The Left Hand of Darkness



What is the loneliest job in the world?

Imagine an envoy visiting a remote planet seventeen years from his own, living on that alien world in the middle of an ice-age, sifting through layers of unfamiliar etiquette, entangled in political intrigue, with no one to trust: this is the world of Genly Ai, envoy from Hain, through most of The Left Hand of Darkness. His mission is to enlist planet Winter/Gethen into a federation he hails from, and his quest reveals what is at the heart of this sad and beautiful story: the meeting of two vastly different cultures, and the possibility of a friendship between aliens.

The Gethenians are androgynous: neither man nor woman, a Gethenian assumes gender only during “kemmer”, the mating cycle. They have no word for “war” – individual forays happen, but war doesn’t – or “fly” – their technology is limited to cars, radios, and “landboats”. They are slow, and reverently so: “The people of Winter, who always live in Year One, feel that progress is less important than presence.” Many view ignorance as a virtue, and mortality the only certainty. Their words are, occasionally, imprecise in meaning, the same word referring to both part and whole, “the state and the individual.” They are deeply sensitive to what they call “shifgrethor”, a notion of rectitude that pervades all their relationships and informs every encounter.

Genly Ai, by contrast, is a man from the distant planet Hain, and is occasionally labelled a “pervert” on account of his constant state of manhood. He stumbles through the political circles of Karhide and Orgoreyn, two hostile nations on Winter, and is met with curiosity, shock, disbelief, and indifference as he wanders across the cold planet. He struggles against the cold and is lonely, but he sees only the loneliness of Gethenians: “Your race is appallingly alone in its world,” he says to Estraven, an exiled politician with whom he is on a long voyage; “No other mammalian species. No other ambisexual species. No animal intelligent enough even to domesticate as pets. It must colour your thinking, this uniqueness […] to be so solitary, in so hostile a world: it must affect your entire outlook.”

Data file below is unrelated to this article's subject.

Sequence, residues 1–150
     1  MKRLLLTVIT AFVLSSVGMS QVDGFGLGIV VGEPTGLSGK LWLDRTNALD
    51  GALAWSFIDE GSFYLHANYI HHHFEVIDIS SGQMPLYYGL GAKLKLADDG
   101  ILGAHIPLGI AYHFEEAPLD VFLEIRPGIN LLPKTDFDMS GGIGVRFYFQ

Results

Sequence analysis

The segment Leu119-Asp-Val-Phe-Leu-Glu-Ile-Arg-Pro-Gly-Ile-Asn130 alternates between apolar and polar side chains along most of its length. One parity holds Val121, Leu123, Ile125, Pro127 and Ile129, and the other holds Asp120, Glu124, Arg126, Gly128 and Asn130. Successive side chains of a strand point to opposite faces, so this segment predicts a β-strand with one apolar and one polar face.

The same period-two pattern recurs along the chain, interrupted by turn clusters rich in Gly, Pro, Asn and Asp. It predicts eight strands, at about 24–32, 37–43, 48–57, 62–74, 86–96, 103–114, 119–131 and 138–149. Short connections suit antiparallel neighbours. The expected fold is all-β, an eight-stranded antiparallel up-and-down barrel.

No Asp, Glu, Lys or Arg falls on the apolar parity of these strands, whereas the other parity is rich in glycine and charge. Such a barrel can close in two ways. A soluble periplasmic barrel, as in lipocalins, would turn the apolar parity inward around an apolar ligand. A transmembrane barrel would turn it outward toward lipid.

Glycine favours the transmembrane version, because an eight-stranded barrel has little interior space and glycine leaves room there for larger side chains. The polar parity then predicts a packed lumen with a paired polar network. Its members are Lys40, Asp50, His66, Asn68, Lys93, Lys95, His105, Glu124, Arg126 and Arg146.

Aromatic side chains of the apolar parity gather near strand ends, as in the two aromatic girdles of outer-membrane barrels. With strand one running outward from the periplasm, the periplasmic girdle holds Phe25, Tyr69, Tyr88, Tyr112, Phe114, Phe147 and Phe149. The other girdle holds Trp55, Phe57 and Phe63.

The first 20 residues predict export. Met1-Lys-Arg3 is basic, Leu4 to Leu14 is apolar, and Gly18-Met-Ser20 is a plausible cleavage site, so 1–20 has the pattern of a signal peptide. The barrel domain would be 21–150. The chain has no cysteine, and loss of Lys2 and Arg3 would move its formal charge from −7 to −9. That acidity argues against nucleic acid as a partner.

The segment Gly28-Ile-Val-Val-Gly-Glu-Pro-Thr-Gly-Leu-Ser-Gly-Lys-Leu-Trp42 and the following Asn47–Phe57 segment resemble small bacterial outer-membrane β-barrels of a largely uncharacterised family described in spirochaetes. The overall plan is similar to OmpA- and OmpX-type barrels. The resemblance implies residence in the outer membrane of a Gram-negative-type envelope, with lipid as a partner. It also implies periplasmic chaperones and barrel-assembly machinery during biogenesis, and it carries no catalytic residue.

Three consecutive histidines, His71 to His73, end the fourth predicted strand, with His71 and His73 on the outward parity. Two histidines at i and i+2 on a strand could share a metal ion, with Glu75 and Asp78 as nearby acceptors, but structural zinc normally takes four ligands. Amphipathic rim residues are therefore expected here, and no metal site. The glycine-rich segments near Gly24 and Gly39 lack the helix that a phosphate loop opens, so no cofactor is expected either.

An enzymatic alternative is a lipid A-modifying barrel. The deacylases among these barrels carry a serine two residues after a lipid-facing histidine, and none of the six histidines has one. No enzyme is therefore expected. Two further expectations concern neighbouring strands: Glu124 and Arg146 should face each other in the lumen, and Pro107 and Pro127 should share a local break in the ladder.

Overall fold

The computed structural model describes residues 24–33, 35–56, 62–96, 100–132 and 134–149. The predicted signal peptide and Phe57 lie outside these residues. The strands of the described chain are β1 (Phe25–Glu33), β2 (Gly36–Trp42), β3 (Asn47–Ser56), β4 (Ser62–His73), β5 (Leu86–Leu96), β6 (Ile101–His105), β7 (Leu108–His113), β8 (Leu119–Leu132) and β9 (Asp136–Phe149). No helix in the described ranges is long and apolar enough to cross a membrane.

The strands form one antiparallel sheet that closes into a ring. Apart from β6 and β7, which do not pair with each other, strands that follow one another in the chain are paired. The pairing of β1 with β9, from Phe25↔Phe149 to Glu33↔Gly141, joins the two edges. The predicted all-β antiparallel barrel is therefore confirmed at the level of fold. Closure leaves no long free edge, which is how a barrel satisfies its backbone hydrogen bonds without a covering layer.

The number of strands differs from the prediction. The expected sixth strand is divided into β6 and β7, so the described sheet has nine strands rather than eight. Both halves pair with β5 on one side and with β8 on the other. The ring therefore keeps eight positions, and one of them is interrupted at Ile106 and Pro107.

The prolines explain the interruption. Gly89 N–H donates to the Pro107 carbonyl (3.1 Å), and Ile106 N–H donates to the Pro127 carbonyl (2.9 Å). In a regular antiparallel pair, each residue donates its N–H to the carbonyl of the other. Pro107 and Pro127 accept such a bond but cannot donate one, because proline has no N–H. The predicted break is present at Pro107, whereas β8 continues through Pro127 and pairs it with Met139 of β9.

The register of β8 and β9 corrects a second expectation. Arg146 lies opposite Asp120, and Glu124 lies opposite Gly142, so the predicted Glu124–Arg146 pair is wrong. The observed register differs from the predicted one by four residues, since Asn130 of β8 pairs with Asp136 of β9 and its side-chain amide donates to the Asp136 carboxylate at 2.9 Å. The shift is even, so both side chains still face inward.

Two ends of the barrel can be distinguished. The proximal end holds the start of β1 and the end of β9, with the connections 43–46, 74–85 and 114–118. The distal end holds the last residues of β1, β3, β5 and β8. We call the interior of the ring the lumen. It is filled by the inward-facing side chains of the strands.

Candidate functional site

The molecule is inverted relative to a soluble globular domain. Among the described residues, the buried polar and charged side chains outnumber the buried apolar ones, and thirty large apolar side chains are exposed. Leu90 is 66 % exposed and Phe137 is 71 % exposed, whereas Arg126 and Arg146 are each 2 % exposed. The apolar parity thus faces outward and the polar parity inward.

But soon he realizes that on the matter of gender his own outlook, or that of his people, is seriously affected by his sexuality. Asked by Estraven if women are “like a different species,” Genly considers the implications of gender: “No. Yes. No, of course not, not really. But the difference is very important. I suppose the most important thing, the heaviest single factor in one’s life, is whether one’s born male or female. In most societies it determines one’s expectations, activities, outlook, ethics, manners – almost everything. […] It is extremely hard to separate the innate differences from the learned ones.” This seems obvious, but after getting to know the Gethenians it is much less so: in their world anyone can bear a child, so “burden and privilege are shared out pretty equally”; sex is possible only through mutual consent, which precludes rape; and the strong-weak duality we take for granted is absent.